Known as the crown to the Valley of Angels, the peaks of the San Gabriel Mountains frame the Los Angeles skyline. Over 15 million people live within 90 minutes of this island of green, which provides 70 percent of the open space for Angelenos and 30 percent of their drinking water. Millions recreate and rejuvenate in the San Gabriels each year, seeking out their cool streams and canyons during the hot summer months, their snowcapped mountains in the winter, and their trail system and historic sites throughout the year. – Presidential Proclamation (Oct. 10, 2014).
The designation of San Gabriel National Monument protected almost 350,000-acres of San Gabriel Mountains. These mountains are truly the backyard of Los Angeles, providing clean water, fresh air and essential wildlife habitat. Along with protecting these ecosystem services, the designation of the Monument ensured the surrounding communities’ ability to access these wild places. As President Obama recognized when designating the Monument: “For many residents of Los Angeles County — one of the most disadvantaged counties in the country when it comes to access to parks and open space for minorities and children–the San Gabriel Mountains provide the only available large-scale open space.”
And Angelenos seem to love the Monument. Poling showed 80% of people living in the surrounding communities supported the Monument and Latinos, which make up more than half of the county’s population, overwhelmingly supported the designation at 88%. During our visit, we saw tons of people hiking, biking, driving and enjoying lookouts throughout the Monument. There is something truly sacred about natural places adjacent to cities. San Gabriel ensures that open and undeveloped places will continue to be available to these communities.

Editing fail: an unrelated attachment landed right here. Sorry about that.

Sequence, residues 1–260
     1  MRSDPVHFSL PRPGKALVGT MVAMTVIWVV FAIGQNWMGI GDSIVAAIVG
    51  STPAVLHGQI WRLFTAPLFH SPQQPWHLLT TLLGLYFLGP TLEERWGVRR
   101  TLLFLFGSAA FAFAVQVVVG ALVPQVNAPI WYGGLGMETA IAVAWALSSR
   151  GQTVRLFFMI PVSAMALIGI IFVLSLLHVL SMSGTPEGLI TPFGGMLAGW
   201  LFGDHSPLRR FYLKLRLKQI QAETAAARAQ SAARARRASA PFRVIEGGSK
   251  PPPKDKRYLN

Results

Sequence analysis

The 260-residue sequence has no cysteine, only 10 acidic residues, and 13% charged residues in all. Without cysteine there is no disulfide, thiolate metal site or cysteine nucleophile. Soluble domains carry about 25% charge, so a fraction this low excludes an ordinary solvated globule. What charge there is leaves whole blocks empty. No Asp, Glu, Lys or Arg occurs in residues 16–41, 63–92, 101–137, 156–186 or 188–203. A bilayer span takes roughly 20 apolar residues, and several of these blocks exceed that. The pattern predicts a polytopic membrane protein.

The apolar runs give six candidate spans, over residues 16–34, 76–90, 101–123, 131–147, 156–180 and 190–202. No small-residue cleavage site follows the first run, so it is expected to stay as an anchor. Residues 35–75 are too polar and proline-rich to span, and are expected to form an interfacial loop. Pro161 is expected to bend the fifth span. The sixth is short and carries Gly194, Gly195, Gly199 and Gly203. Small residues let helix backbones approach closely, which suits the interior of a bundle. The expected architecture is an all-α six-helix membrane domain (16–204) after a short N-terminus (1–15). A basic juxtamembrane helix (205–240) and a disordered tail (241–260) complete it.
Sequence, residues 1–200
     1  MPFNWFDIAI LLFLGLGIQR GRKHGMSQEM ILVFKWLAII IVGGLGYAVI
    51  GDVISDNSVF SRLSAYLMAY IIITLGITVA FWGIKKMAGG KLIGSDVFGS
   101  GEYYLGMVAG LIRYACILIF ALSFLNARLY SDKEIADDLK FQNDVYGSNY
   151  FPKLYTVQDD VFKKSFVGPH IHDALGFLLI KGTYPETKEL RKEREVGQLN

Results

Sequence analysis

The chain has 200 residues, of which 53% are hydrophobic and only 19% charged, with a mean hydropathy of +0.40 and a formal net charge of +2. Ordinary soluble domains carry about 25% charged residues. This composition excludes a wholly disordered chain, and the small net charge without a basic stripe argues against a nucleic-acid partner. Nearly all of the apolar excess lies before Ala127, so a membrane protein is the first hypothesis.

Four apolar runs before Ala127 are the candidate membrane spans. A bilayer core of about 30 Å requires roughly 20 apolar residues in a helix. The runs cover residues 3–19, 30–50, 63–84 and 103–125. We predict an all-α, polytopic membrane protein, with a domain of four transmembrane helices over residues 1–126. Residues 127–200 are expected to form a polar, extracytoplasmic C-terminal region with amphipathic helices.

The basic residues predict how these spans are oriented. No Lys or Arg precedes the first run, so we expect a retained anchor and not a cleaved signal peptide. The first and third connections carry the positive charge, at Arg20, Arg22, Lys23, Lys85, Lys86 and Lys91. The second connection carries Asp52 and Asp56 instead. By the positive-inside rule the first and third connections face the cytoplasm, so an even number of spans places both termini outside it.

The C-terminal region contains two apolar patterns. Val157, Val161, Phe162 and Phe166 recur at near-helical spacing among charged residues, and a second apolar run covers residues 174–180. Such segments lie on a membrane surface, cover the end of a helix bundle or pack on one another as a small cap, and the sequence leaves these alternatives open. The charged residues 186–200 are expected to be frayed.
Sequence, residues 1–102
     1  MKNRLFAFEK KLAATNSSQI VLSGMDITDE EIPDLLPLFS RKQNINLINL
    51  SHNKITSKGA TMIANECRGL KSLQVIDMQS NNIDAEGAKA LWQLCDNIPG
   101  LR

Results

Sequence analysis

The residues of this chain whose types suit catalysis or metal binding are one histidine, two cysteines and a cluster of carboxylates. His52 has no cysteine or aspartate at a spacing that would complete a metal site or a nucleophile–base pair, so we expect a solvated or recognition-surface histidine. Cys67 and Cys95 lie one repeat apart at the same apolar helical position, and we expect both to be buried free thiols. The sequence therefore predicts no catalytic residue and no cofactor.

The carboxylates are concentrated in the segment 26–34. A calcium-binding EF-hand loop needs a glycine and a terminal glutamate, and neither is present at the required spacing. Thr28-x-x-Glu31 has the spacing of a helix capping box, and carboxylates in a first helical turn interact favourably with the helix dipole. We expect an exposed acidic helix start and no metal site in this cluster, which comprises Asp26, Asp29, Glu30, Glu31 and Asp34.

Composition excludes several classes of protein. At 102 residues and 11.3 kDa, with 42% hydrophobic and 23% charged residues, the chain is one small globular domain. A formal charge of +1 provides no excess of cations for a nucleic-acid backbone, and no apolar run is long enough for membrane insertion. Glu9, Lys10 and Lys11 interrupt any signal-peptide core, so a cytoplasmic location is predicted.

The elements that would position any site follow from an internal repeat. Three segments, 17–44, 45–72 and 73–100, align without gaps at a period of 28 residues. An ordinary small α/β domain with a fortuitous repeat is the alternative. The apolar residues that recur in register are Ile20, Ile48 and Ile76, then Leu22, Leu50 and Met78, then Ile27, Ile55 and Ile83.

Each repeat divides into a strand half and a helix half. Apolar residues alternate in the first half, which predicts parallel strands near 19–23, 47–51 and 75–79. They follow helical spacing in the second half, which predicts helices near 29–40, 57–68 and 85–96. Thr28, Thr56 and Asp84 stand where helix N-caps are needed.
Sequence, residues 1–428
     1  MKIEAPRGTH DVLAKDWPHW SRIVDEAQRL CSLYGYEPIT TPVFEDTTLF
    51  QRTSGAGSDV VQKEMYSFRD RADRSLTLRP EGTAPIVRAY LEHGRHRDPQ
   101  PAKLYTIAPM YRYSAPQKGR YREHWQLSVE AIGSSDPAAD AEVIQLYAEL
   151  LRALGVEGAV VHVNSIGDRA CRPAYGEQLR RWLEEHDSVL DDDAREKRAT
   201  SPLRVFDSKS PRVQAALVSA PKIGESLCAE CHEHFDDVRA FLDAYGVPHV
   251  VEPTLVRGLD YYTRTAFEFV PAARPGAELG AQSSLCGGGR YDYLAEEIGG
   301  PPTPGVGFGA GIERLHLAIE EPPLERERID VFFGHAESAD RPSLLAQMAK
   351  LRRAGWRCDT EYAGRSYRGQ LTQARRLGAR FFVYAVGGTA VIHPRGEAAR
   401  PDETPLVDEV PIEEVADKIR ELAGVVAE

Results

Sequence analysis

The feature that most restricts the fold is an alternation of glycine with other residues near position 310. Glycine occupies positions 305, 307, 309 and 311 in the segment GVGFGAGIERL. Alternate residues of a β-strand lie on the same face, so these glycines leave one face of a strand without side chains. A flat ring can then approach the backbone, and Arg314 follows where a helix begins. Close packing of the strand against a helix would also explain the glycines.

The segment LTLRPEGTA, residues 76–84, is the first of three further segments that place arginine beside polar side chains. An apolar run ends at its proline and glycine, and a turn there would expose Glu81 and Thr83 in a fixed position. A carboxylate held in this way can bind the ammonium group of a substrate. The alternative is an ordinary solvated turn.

Designation is an important and crucial step to ensuring continued access and conserving these mountains for future generations; however, access also requires funding or, in the absence of funding, volunteers to help make sure the campgrounds, recreation areas and trails remain open. The Monument did not see an increase in funding when it was designated and that makes volunteer groups like San Gabriel Mountains Trailbuilders so important. The group was established in 1984 and has worked with the Forest Service since that time to help maintain trails in the mountains. They meet at 8:00 am sharp every other Saturday and head into the mountains to maintain, clear, retread and create new trails. They are a dedicated crew of people who just love the mountains and want to give back.
Our group headed out to clear thorny chaparral whitethorn from the Islip Ridge Trail. The area had burned during the 2009 Station Fire and the spikey shrub will flourish without larger trees to block out the sun. As the whitethorn encroaches on the trail, people start creating new trials around the bush (and who could blame them, those shrubs were mean).
Trailbuilders had been working this trail, so we hiked a few miles to reach the last section of trail that needed to be cleared. In about three hours, we lopped our way through half-mile of trail. It sounds unimpressive, but those bushes can be dense and it certainly felt like a lot of work.
After volunteering we headed for the San Gabriel River for a quick dip. When we reached the river, it was clear this is where the community loves to gather! There were large groups of friends and families hanging out along the river. They were barbequing, swimming, and listening to music. Although signs implore people not to, there are tons of small swimming holes along the river created with small river rock dams. I could only imagine how many people would be at the river in the height of summer to cool off and I was so glad that this place was available for people to use. What a great escape from the city!